Coming off two pretty good years, business was way off last month at Utah hotels.
November's occupancy rate at hotels statewide dropped 10 percent from the same month a year earlier, slipping to 47.1 percent from 57 percent the previous two years. Salt Lake County hotels experienced an even bigger drop-off, from 66 percent in November 2007 to 53.7 percent last month.
"Ten percent or more is pretty significant," said Robert Benton of the Denver-based Rocky Mountain Lodging Report, which compiles occupancy figures from many -- but not all -- hotels in the Intermountain West.
Even with the steep slide, Utah's hotel industry is filling more rooms than its counterparts in Colorado and Wyoming, and is just 1.4 percentage points behind New Mexico. Similarly, Salt Lake County hotels had a higher occupancy rate last month than Denver, although the November-to-November drop in Colorado's capital was half of Salt Lake County's decline.
None of this data is too surprising, given the intensity of the recession that has been brewing, topped off by October's collapse of the financial market.
"Nationally, everything is down," said Benton. But he added the caveat, "One month doesn't make a trend. We have to worry about being panicky."
But, naturally, concern abounds far and wide about where the economy is going.
"We are in a state of 'travel paralysis' that will have a direct and immediate impact on the economy if Americans do not start to move soon," said a statement Monday by René Mack, president of travel and lifestyle at Weber Shandwick, a leading national marketer in the travel, tourism and transportation industry.
Mack predicted business travel will continue to fall, given the ease of video conferencing and the difficulties of booking flights as airlines reduce their schedules. "Most, but not all, destinations, hotels, airlines and cruise lines are going to see their growth, revenue and profit drop. Flat is the new up," he added.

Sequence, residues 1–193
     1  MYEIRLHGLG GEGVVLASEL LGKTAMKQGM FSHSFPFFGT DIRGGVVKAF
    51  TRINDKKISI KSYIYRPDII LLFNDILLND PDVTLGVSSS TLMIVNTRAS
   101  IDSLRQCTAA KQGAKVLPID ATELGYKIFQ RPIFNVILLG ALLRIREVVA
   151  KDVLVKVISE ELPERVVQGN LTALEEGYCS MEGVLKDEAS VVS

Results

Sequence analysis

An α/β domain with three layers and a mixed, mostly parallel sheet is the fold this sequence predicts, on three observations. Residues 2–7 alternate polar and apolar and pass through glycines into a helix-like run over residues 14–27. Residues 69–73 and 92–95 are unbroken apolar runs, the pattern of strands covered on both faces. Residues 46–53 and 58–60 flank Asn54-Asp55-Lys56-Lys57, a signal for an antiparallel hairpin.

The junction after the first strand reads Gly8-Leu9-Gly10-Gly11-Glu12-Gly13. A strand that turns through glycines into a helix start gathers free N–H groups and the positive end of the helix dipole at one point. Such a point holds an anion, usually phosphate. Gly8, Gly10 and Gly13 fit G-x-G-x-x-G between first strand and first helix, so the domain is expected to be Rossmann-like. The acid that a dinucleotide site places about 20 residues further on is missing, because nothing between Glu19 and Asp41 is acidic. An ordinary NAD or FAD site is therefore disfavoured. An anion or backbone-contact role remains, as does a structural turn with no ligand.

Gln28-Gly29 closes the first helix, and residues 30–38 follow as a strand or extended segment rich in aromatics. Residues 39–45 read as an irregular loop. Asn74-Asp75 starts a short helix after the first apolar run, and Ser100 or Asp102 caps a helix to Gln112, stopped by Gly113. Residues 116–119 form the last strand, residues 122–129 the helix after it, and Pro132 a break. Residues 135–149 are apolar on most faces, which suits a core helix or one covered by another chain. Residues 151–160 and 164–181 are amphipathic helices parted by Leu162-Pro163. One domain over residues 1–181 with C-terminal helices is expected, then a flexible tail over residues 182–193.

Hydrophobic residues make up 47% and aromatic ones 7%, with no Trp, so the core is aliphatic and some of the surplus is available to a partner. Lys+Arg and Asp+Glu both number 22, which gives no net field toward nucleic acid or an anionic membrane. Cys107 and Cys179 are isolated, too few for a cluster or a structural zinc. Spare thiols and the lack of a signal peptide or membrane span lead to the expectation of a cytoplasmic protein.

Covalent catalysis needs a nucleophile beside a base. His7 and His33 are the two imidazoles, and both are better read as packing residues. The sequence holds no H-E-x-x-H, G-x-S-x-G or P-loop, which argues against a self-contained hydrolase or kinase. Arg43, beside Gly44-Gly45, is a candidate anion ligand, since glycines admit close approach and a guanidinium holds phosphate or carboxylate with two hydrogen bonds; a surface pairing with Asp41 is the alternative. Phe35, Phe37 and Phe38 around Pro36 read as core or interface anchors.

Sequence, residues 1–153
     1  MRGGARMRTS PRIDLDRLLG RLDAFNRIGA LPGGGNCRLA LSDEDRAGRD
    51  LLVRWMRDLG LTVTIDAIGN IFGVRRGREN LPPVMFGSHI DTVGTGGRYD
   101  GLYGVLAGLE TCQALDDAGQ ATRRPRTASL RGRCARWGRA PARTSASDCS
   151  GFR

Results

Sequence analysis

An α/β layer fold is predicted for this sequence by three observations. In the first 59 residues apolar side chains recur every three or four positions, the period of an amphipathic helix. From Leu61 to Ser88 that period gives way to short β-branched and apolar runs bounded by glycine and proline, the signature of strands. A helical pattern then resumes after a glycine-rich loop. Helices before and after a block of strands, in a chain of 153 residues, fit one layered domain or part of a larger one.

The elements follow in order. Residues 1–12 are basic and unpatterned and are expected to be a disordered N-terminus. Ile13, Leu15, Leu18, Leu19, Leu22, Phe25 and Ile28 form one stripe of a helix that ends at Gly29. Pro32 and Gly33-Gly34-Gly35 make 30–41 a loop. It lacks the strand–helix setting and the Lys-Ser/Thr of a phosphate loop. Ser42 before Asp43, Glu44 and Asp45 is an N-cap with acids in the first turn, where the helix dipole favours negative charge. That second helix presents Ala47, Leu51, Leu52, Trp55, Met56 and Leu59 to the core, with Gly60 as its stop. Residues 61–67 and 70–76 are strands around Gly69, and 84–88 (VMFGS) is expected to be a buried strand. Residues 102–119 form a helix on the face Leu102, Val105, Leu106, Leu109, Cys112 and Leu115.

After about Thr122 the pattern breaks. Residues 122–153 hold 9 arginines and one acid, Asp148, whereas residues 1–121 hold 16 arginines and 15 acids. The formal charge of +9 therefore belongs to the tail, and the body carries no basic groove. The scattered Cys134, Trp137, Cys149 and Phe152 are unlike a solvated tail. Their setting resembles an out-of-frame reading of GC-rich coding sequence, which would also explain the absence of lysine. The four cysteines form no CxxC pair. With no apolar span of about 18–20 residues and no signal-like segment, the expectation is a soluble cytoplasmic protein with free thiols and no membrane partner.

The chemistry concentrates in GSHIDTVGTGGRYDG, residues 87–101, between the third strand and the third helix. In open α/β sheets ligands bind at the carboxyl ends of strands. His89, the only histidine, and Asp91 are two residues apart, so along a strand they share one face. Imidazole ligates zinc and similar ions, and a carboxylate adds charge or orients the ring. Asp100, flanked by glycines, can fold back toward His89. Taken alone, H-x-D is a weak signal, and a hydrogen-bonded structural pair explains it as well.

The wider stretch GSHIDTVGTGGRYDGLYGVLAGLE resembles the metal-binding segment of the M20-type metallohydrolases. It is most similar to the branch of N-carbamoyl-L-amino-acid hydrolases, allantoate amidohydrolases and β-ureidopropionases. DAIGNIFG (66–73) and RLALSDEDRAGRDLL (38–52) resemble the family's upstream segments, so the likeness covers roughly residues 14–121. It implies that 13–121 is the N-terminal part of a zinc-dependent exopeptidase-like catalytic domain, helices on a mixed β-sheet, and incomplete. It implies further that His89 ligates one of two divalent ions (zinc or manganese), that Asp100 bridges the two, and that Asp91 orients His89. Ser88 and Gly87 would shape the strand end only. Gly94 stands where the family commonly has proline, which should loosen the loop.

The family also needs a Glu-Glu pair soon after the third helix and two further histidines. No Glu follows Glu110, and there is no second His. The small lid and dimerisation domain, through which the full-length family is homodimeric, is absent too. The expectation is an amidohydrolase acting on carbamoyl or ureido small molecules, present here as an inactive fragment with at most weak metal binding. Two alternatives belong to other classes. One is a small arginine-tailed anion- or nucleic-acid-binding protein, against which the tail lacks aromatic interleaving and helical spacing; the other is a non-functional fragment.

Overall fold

Roxie Sherwin, director of the St. George Area Convention & Tourism Bureau, did not know exactly what to say about the latest numbers. She was reluctant to be too pessimistic, fearing negativity feeds on itself, but unable to find much comfort in an occupancy rate that fell to 37.7 percent last month from 55.8 percent the previous November.
"I looked at that lodging report this morning, then looked at my report from 2007 and thought, 'Wow,' " Sherwin said.
Bookings of packages at the 10 courses in the bureau's Red Rock Golf Trail are down 12 percent, she said, from $450,000 in 2007 to a projected $398,000 this year.
"That's not too bad," she said, optimistic that "our bookings for February and March look pretty good. The phone is ringing again. We feel like we're in a better situation than a lot of states."
Cedar City area hotels had a harder time than St. George, filling 33 percent of their rooms last month. "It's a bad year," said Kwonyoung Chang, owner of Beaver's Days Inn.
Benton attributed part of Salt Lake County's decline to the opening of several new hotels this year, creating a bigger base for calculating occupancy rates.
The percentage also was distorted by the fact four citywide conventions were staged in Salt Lake City in November 2007. They attracted 11,700 visitors. This November, by contrast, just two sizable conventions took place. One of those, a meeting of Lehi-based XanGo LLC, required fewer rooms because so many attendees were Utahns.
November occupancy rates in Utah hotels, compared with surrounding states:
State Nov. 2008 Nov. 2007
Utah 47.1 57.9
Colorado 45.2 51.1
New Mexico 48.5 55.2
Wyoming 43.1 49.6
Salt Lake County 53.7 66.0
Denver 51.3 56.3
Source: Rocky Mountain Lodging Report